WHAT APPEARS TO BE
I just spoke with some professionals who shared their anxiety and dread for upcoming performance reviews. These were people whose performance will be reviewed; those conducting the reviews were equally fretful.
Why all the gloom? Answer: who likes talking about personal and professional shortcomings?
WHAT MIGHT BE
The savvy leaders reading this will laugh: the performance reviews they participate in are small affairs; they have established communication with those above and below them where information flows fully, freely, and is two-way. Therefore, the performance review becomes merely an activity to satisfy HR.
WHAT CAN BE
What does this mean for the rest of us? Build and nurture communication year-round with those we see in our performance reviews — above or below — so that performance reviews become physicals, and not autopsies (figuratively speaking, of course).
Also, in your upcoming performance review, here’s a challenge: drop the word “but.” “You’ve done a nice job here, but,” is outdated, caustic, and reflects someone who hasn’t stretched their own leadership skills.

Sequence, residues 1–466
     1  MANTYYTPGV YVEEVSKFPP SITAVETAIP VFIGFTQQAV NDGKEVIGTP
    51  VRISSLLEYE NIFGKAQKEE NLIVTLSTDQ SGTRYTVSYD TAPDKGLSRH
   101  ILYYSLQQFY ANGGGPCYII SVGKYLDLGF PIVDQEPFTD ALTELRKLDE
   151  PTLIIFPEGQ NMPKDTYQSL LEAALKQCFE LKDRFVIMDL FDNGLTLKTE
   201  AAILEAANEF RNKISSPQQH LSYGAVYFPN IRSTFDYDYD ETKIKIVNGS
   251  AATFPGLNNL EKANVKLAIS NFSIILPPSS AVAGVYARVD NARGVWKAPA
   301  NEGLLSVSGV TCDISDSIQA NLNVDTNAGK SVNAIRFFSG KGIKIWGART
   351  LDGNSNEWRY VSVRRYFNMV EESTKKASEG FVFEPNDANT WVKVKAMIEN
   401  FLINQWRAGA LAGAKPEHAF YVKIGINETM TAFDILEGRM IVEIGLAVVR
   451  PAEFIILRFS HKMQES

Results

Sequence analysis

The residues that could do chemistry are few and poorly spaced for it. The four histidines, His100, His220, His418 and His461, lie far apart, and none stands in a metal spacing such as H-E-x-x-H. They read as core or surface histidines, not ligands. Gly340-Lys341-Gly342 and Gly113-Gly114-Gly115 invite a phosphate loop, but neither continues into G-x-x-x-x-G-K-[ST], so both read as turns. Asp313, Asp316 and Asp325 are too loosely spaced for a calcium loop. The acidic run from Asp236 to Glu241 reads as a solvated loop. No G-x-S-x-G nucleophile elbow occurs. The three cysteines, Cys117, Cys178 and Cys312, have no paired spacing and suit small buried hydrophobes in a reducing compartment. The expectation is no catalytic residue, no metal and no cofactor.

Instead, use a clear statement that discloses two things:
1. What’s important (Example: “It’s vital that you further develop your communication skills…”)
2. Why it’s important (Example: “…because this will impact all your project leadership work.”)
That’s it. In one sentence, address the need. And then do something exceptional leaders do: honor the person you’re in the room with. How? Ask them for their thoughts. (Example: “What plans do you have to move forward in your communications with others? What do you think will be the greatest rewards by improving in this area?”)
People are smarter than we give them credit for. What do you think?
What is the difference between what “might be” and what “can be”? You decide.